The Booksellers Association has said it hopes the European Commission’s competition inquiry into the e-commerce sector will look specifically at market dominance in e-books.
The EC revealed yesterday (6th May) that it would hold an antitrust competition inquiry into the e-commerce sector in the European Union, as part of 16 initiatives on a digital single market to be delivered by the end of next year. As part of its inquiry, the EC will look at cross-border trade in digital content and the BA hopes it will study issues around accessibility and interoperability in e-books.
Tim Godfray, c.e.o of The Booksellers Association, said he was “interested” to see that the EC has launched this enquiry into cross-border trade and the trade body “looked forward to reading the full terms of the investigation.”
He added: “We hope the enquiry will review the market for e-books across the EC and issues around accessibility, interoperability and market dominance in particular.”
The e-commerce inquiry will allow the Commission to identify possible competition concerns affecting European e-commerce markets, with the potential for subsequent investigations into issues such as abuse of dominant market positions.
It will also focus on “potential barriers erected by companies to cross-border online trade in goods and services where e-commerce is most widespread such as electronics, clothing and shoes, as well as digital content”.
An Amazon spokesperson told The Bookseller the company “agreed with the vision of Europe as a single market” and looked forward to working with the Commission.
“Amazon has approached Europe as a single market since we launched here more than 15 years ago,” a spokesperson said.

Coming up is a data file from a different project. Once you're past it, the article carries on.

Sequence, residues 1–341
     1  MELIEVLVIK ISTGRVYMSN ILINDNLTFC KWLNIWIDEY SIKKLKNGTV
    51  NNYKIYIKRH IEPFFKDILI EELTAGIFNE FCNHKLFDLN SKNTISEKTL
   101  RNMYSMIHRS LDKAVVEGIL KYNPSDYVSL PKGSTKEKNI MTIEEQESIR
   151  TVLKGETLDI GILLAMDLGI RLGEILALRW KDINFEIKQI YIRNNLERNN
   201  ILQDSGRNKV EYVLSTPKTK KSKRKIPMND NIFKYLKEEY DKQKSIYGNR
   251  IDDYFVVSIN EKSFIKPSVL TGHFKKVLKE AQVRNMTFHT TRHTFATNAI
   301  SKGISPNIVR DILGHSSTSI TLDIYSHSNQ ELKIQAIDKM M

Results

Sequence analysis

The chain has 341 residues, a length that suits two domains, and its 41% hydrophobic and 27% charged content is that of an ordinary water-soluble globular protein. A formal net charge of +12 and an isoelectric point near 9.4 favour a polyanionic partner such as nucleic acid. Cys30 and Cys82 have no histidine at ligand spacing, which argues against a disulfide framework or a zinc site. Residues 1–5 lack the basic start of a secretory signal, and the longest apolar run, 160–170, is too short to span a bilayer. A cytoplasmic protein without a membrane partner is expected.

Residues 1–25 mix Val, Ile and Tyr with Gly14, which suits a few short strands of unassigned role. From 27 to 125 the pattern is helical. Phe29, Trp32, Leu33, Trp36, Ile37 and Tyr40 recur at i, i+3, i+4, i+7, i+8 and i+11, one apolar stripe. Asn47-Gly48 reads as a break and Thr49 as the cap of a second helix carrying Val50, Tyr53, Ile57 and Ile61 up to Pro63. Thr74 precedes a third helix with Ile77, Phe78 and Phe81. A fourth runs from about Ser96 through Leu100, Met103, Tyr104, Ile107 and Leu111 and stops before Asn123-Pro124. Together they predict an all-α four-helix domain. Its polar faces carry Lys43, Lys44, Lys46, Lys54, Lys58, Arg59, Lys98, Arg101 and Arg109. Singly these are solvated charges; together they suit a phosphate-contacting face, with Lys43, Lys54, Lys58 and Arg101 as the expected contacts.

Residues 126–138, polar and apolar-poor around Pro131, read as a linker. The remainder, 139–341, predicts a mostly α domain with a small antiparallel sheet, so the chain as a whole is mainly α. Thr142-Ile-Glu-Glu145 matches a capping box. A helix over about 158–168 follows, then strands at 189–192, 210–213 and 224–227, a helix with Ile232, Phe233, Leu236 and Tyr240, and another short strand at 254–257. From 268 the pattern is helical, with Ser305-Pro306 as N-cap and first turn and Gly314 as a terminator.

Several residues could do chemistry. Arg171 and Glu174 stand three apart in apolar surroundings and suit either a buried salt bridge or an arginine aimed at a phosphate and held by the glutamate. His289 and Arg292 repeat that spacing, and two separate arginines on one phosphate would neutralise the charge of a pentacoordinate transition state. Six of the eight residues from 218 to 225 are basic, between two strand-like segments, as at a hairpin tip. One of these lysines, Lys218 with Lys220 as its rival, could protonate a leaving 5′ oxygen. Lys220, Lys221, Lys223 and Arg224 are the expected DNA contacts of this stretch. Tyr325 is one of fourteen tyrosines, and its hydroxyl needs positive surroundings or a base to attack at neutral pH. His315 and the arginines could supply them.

“We operate websites in five different languages with over 100 million products, and we operate an integrated network of 28 fulfillment centers that ship these products to customers across the EU.”
It added it also enabled small-and-medium sized businesses to offer their products to customers across Europe – “in fact, in the past year alone, Amazon’s Europe-based sellers earned more than 2.8 billion euros in revenue from cross-border sales within Europe,” the company said.
Meanwhile, Blackwell's digital director Kieron Smith said the company welcomed any initiative from the EC which would enhance the cross-border purchase experience for customers which was "always central to the Blackwell’s proposition online and in our shops."
He said: "Where barriers currently do exist to sales across the community, they’re often as a result of the patchwork of VAT applied, in addition to limited access, cross-border, to supply of some country’s titles - books in French for example. These challenges, in combination with fixed price selling rules, are significant barriers to a true single market for books."
Among the EC’s proposed actions on the digital single market is a “modern, more European copyright law”, with the Commission saying that “legislative proposals will follow before the end of 2015 to reduce the differences between national copyright regimes and allow for wider online access to works across the EU, including through further harmonisation measures”.
Richard Mollet, c.e.o of the Publishers Association, said the digital single market was a “reality” for publishing, and added that today’s White Paper from the Commission included some “sensible” proposals for extending this.
“It is right that the Commission commits itself to making an assessment of the need for greater certainty around copyright and we look forward to engaging in that process. Such an assessment should be thorough and complete before any legislative proposals are drafted,” he said.
The British Chambers of Commerce, meanwhile, thinks that the EU single market, whether traditional or digital, will only maintain its legitimacy among businesspeople if it is perceived to function in the interests of all firms.
John Longworth, director general of the BCC, said: “For too long the completion of the single market in digital services has moved forward at a snail’s pace. On the face of it, the EU Commission’s new proposals go some way to addressing the barriers digital firms encounter when trading within the EU. However, with these initiatives, the devil is in the detail. The Commission and Whitehall must have a laser sharp focus on protecting firms from the risk of additional burdens and unintended consequences stemming from new regulation."